Hamid Choukri, Gemplus & University of Bordeaux, France
Michael Tunstall, Gemplus & Royal Holloway, University of London
One of the first examples of faults being injected in a microchip was accidental. It was noticed that radioactive particles produced by elements present in the packaging material (May & Woods, 1978) caused faults in chips. Uranium-235, Uranium-238, and Thorium-230 was present that decays to Lead-206. The process released alpha particles that created a charge in sensitive areas of the chip causing bits to flip. These elements were only present in 2 or 3 parts per million, but this was sufficient to have an effect on the behavior of the chip.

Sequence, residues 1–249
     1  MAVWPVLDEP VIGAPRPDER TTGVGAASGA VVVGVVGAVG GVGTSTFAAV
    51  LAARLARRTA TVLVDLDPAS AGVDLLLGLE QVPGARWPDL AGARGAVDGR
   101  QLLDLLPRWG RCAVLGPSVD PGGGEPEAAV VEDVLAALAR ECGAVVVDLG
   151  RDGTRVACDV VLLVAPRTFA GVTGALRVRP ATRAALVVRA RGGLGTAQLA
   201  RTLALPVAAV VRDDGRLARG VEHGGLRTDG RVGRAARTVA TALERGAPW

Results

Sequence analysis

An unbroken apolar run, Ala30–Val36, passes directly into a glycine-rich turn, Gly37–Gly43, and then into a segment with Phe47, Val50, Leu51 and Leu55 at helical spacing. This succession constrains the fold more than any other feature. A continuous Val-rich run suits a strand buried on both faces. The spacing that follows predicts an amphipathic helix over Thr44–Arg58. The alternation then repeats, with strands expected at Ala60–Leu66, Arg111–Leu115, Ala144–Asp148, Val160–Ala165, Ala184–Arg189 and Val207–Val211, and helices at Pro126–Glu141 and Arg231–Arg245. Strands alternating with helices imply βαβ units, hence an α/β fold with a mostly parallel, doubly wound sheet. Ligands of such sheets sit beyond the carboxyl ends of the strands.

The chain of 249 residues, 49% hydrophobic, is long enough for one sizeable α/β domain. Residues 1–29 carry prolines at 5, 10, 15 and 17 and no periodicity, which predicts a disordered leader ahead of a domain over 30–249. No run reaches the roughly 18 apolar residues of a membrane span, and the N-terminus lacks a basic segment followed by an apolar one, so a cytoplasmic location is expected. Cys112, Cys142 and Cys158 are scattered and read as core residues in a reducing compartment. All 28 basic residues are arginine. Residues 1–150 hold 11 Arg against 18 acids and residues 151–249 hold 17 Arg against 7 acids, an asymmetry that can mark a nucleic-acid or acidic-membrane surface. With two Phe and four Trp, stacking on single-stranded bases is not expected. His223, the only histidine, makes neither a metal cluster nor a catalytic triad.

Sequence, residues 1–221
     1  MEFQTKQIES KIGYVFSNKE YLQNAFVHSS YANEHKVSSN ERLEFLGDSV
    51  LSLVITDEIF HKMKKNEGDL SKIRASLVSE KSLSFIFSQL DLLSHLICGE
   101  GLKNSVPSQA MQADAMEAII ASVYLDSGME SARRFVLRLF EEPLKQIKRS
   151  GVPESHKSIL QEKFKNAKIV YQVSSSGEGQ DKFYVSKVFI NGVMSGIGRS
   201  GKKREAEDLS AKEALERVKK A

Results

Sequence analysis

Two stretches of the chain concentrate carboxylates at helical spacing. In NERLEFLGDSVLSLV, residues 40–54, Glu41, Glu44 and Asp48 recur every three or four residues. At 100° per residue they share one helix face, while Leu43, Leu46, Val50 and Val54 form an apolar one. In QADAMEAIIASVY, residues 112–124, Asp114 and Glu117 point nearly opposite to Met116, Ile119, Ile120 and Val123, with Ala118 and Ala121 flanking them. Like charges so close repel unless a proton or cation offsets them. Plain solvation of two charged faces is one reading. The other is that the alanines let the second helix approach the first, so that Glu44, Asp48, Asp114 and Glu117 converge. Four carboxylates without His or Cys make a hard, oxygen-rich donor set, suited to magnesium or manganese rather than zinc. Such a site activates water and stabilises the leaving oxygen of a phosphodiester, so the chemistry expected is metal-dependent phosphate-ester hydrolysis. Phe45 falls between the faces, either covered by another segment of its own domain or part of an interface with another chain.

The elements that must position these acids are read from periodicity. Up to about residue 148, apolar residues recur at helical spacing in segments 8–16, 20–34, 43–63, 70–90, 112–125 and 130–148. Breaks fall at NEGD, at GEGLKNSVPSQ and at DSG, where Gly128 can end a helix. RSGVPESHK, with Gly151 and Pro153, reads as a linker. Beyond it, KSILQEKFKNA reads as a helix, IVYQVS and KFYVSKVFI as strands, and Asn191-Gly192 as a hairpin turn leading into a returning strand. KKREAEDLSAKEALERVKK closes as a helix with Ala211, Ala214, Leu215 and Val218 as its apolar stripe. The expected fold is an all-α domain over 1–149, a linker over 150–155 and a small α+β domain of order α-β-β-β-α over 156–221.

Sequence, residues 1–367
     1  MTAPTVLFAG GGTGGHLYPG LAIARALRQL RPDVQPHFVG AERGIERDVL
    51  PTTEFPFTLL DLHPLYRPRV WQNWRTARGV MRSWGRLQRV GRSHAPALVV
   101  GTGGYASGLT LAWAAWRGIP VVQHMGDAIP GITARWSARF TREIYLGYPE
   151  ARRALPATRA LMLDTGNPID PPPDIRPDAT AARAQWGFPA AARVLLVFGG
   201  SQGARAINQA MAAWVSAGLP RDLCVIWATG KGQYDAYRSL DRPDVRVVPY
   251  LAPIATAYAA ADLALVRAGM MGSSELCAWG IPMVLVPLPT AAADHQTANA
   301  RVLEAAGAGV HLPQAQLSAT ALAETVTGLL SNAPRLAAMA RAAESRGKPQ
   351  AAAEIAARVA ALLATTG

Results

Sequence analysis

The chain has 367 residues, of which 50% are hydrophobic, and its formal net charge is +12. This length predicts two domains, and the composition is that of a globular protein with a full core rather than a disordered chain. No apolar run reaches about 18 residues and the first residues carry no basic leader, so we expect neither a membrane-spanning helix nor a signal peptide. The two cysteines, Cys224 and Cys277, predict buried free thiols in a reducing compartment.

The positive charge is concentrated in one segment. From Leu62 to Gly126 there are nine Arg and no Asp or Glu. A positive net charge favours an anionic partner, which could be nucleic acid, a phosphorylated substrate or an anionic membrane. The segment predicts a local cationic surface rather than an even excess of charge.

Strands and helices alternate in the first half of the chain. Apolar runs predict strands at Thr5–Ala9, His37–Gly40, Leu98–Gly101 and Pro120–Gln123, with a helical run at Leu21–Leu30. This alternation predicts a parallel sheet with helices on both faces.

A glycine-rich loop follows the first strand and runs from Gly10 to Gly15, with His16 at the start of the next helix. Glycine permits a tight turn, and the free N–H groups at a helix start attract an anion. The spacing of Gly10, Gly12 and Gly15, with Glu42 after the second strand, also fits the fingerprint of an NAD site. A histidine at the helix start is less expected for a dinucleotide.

Subsequent research included studying the effects of cosmic rays on semiconductors (Ziegler, 1979). Cosmic rays are weak at ground level because of the earth's atmosphere. The probability of a fault produced in an integrated circuit is therefore very small, but the more random access memory (RAM) a computer has, the higher the chance of a fault occurring (i.e., it becomes more likely that ...